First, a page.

Ransomware, a type of malware or virus that keeps users from accessing their systems or data until a sum of money is paid, is on the rise. Phishing, where a user is misled to clicking on an infected link, is still the number one way for cybercriminals to deliver payloads.
Ransomware has been around for a while and continues to be a top threat for organizations. While having a proactive disaster recovery plan can aid in withstanding a ransomware attack, it’s also important to keep tabs on the different ransomware threats out there—and to understand how they might impact your organization.
Let’s start with some facts: Half of cybersecurity professionals say they do not believe their organizations are prepared to withstand ransomware attacks. That is despite the fact that ransomware costs businesses over $75 billion each year. The average cost of a ransomware attack hovers around $133,000.
Perhaps the scariest statistic is the fact that three-quarters (75%) of companies infected with ransomware were running up-to-date endpoint protection.
So what is a company to do?
Adjust Security Posture
FBI recommendations include the implementation of strong spam filters that can catch phishing emails. It also recommends the authentication of inbound email via Sender Policy Framework (SPF), DomainKey Identified Mail (DKIM), and Domain Message Authentication Reporting and Conformance (DMARC) in order to avoid spoofing.
For companies not using Remote Desktop Protocol (RDP), that functionality should be disabled. Antivirus software should be up-to-date, and firewall software should be configured to block malicious IP addresses. Companies should also remain current on key software updates.
Most major software providers like Microsoft and others are constantly monitoring for the latest ransomware variants, so companies should take advantage of any software patches that are released on behalf of those companies.
Have a Backup Plan
Companies need to remain current with security best practices. That means not storing sensitive data or business records on a computer or closet server. Organizations should conduct regular backups to the cloud or another offsite server to mitigate the potential impacts of a ransomware attack.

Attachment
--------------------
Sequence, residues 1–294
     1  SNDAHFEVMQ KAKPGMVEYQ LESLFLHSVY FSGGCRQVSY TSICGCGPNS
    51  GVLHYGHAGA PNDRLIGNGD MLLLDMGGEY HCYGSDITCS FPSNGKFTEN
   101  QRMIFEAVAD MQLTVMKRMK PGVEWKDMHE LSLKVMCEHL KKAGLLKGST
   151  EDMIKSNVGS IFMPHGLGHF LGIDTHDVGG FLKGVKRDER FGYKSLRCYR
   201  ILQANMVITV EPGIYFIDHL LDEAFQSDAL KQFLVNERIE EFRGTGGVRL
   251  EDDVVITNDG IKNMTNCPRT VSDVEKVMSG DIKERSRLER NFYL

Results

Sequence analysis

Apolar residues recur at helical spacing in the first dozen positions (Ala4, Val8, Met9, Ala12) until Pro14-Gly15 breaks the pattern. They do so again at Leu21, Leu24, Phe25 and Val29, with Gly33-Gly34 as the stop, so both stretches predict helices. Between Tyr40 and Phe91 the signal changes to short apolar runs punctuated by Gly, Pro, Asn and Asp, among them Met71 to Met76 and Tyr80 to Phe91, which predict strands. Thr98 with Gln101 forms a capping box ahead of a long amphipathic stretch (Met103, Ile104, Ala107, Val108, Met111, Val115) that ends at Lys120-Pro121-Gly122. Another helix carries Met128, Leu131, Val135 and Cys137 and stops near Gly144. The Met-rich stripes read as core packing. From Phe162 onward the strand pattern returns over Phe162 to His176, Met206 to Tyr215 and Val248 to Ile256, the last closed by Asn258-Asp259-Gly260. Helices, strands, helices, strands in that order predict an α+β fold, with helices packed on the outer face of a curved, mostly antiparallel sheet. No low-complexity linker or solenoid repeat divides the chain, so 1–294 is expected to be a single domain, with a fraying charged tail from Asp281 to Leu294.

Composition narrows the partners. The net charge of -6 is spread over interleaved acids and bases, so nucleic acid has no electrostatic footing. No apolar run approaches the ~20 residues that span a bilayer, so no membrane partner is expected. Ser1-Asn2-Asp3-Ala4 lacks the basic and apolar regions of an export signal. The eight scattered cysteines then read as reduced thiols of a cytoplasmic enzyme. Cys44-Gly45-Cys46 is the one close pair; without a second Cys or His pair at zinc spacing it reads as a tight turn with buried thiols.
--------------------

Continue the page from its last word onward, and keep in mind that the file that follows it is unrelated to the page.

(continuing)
Better yet, companies can back up to more than one location. The key is to not wait until a breach occurs to take these important steps, which can lead to the end of a business.
Train and Educate
While having the right technology and tools in place is important, the users must be aware of these tools and know how to use them. It’s also important to have documented security protocols in place and to ensure that people know what that protocol is and how to execute the proper incident response if needed.
Additionally, employees need to be trained on how to spot ransomware so they do not make the mistake of exposing the business to an attack. Businesses should create some type of cybersecurity awareness and training program. This can prevent incidents from originating when an unknowing employee clicks on a malicious link or opens an attachment with a virus.
Resist the Ransom
If ransomware does happen to your business, do not pay the ransom. The biggest reason is that there is no guarantee that you will retrieve control over your systems and data. Additionally, if you have backed up your data, you should be able to recover it, though this could take some time. Ultimately, the decision is yours, but it can be helpful to weigh the pros and cons.
While ransomware is a real threat, mitigating your risk with a solid security strategy can take away some of its power. Find the right mix of preventative steps and responsive measures to keep your business safe.